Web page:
Thursday, March 28, 2013

Fishing Canoe

Today's picture is from the late 1800's and shows two men after a successful fishing trip in a canoe. Notice that the canoe is outfitted with a rather comfortable looking chair. The shore is well laid out to get in and out of the boat, and it looks like they could just about do so without getting their feet wet. The picture was taken at Lake Gogebic, in Michigan. The fish are black bass.


  1. Wow what a catch!
    I notice they are wearing suits and a hat. I suppose that explains everything.

    The boat is very graceful.

  2. An impressive haul of fish. I've never fished from such a comfy looking seat. I wonder if one of the gents was a guide?
    Being a native Michigander, I'll add that Lake Gogebic (Indian word) is Michigan's largest inland lake and is found in the western Upper Peninsula. Over 13,000 acres of lake with 36 miles of shoreline. Looks like a beautiful place to fish.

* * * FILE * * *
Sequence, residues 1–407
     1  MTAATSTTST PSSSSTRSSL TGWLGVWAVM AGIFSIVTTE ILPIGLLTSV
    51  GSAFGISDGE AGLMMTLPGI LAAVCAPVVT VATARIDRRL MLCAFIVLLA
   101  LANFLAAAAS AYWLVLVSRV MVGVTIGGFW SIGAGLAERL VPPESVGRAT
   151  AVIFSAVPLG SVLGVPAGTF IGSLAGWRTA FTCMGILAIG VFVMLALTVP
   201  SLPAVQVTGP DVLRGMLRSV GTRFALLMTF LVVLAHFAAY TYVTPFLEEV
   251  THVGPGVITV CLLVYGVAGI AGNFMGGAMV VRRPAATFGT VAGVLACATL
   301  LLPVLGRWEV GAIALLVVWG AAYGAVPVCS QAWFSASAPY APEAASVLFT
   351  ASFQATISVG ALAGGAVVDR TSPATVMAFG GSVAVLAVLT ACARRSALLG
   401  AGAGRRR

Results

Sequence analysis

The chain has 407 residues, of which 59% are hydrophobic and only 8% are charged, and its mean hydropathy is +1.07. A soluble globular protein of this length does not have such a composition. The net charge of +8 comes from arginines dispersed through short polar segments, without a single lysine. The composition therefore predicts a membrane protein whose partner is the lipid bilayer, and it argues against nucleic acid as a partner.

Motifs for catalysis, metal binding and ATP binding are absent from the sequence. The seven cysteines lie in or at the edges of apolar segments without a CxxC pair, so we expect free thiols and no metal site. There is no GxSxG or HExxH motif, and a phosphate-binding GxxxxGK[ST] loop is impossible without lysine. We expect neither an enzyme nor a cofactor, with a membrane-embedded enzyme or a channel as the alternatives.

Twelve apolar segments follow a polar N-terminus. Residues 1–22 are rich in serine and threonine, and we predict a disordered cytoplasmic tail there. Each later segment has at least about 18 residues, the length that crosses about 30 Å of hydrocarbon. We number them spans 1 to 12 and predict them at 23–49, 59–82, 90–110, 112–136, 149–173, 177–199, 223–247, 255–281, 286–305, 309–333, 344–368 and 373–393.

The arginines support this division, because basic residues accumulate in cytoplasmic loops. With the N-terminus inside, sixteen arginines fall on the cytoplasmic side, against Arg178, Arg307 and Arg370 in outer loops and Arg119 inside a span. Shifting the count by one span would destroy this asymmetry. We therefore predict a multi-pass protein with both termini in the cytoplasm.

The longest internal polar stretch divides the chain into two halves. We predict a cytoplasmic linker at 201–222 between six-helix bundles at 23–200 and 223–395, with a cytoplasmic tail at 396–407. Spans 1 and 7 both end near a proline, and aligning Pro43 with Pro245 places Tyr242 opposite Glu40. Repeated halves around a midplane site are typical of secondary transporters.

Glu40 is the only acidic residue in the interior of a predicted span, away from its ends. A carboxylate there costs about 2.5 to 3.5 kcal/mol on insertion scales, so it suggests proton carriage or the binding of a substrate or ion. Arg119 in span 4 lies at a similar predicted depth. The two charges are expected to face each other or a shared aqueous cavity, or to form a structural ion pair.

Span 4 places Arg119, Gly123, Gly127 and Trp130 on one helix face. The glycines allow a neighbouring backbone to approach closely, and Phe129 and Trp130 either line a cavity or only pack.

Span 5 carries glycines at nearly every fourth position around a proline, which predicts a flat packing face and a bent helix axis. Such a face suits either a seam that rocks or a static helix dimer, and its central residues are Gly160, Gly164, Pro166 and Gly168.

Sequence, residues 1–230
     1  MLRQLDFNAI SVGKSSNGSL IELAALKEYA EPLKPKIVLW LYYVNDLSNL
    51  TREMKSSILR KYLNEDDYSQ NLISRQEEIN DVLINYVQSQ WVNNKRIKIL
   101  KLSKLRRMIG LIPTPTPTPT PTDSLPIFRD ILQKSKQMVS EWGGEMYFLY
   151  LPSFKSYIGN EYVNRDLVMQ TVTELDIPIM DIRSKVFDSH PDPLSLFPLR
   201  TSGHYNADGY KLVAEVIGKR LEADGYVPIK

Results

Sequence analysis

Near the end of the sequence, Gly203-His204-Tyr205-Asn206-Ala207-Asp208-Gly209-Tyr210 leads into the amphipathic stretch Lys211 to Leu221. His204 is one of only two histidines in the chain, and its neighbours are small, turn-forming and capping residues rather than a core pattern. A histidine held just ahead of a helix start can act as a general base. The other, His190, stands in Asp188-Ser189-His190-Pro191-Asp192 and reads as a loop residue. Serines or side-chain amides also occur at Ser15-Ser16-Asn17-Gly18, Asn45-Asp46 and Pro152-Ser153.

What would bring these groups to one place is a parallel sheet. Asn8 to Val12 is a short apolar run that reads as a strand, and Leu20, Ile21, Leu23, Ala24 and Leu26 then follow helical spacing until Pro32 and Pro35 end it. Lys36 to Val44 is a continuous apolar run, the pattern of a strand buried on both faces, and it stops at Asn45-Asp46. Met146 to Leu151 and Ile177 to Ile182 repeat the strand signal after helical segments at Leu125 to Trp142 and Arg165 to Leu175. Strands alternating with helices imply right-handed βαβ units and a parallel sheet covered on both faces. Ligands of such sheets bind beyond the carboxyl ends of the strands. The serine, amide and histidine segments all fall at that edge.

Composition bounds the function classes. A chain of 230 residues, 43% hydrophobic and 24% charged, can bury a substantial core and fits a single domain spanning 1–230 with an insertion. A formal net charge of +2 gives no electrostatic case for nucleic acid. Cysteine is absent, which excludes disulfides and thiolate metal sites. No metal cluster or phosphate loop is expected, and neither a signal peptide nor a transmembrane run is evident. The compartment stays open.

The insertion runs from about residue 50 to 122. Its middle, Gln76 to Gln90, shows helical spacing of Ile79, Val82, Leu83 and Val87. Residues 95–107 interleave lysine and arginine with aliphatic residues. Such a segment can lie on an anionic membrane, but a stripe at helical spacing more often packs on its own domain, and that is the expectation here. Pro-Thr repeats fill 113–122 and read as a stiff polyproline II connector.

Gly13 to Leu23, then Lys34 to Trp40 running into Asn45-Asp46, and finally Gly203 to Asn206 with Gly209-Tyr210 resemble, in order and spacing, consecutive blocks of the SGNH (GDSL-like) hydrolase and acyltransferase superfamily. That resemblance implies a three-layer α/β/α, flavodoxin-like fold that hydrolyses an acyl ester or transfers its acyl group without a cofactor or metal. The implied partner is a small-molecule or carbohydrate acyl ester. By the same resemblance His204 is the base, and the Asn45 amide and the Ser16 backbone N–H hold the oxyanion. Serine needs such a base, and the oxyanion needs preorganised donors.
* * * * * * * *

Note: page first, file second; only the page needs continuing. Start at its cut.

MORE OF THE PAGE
-Anne K.

  3. The oar locks would suggest that it is not a canoe but a row boat

  4. What's more, it's a swivel chair. That is really cool.

  5. I wonder if that isn't what they call a pirogue?

  6. The boat is neither a canoe nor a piroque. It is close to the shape of a whitehall, but whitehalls were always carvel-built boats. (The planks in such boats butt against each other). This boat is a lapstrake boat, in which the planks overlap each other like clapboars on a house. Lapstrake-style boats are sometimes referred to as "clinker-built" boats). Lake Gogebic is a very large freshwater lake in the Upper Peninsula, north of Wisconsin, and for that reason, the boat probably came from elsewhere. Further study is required. Please keep pictures of boats coming!


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